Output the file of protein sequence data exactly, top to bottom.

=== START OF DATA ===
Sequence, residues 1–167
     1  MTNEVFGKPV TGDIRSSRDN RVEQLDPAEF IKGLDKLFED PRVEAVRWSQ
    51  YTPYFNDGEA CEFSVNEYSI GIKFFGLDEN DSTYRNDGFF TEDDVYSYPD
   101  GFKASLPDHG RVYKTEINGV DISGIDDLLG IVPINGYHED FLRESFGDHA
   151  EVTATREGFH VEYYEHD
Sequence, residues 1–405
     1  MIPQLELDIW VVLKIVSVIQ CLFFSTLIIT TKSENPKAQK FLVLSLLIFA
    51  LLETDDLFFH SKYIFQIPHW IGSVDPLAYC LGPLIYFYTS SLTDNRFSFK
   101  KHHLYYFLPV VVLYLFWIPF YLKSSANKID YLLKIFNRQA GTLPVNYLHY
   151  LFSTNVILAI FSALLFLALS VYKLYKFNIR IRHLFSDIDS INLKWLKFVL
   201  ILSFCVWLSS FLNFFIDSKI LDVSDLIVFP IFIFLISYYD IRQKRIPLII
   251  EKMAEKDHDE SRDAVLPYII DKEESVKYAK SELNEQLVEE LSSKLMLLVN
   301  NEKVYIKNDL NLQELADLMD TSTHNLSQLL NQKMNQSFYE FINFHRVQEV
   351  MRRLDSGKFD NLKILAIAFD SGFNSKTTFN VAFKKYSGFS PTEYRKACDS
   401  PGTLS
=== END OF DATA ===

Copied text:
Sequence, residues 1–167
     1  MTNEVFGKPV TGDIRSSRDN RVEQLDPAEF IKGLDKLFED PRVEAVRWSQ
    51  YTPYFNDGEA CEFSVNEYSI GIKFFGLDEN DSTYRNDGFF TEDDVYSYPD
   101  GFKASLPDHG RVYKTEINGV DISGIDDLLG IVPINGYHED FLRESFGDHA
   151  EVTATREGFH VEYYEHD
Sequence, residues 1–405
     1  MIPQLELDIW VVLKIVSVIQ CLFFSTLIIT TKSENPKAQK FLVLSLLIFA
    51  LLETDDLFFH SKYIFQIPHW IGSVDPLAYC LGPLIYFYTS SLTDNRFSFK
   101  KHHLYYFLPV VVLYLFWIPF YLKSSANKID YLLKIFNRQA GTLPVNYLHY
   151  LFSTNVILAI FSALLFLALS VYKLYKFNIR IRHLFSDIDS INLKWLKFVL
   201  ILSFCVWLSS FLNFFIDSKI LDVSDLIVFP IFIFLISYYD IRQKRIPLII
   251  EKMAEKDHDE SRDAVLPYII DKEESVKYAK SELNEQLVEE LSSKLMLLVN
   301  NEKVYIKNDL NLQELADLMD TSTHNLSQLL NQKMNQSFYE FINFHRVQEV
   351  MRRLDSGKFD NLKILAIAFD SGFNSKTTFN VAFKKYSGFS PTEYRKACDS
   401  PGTLS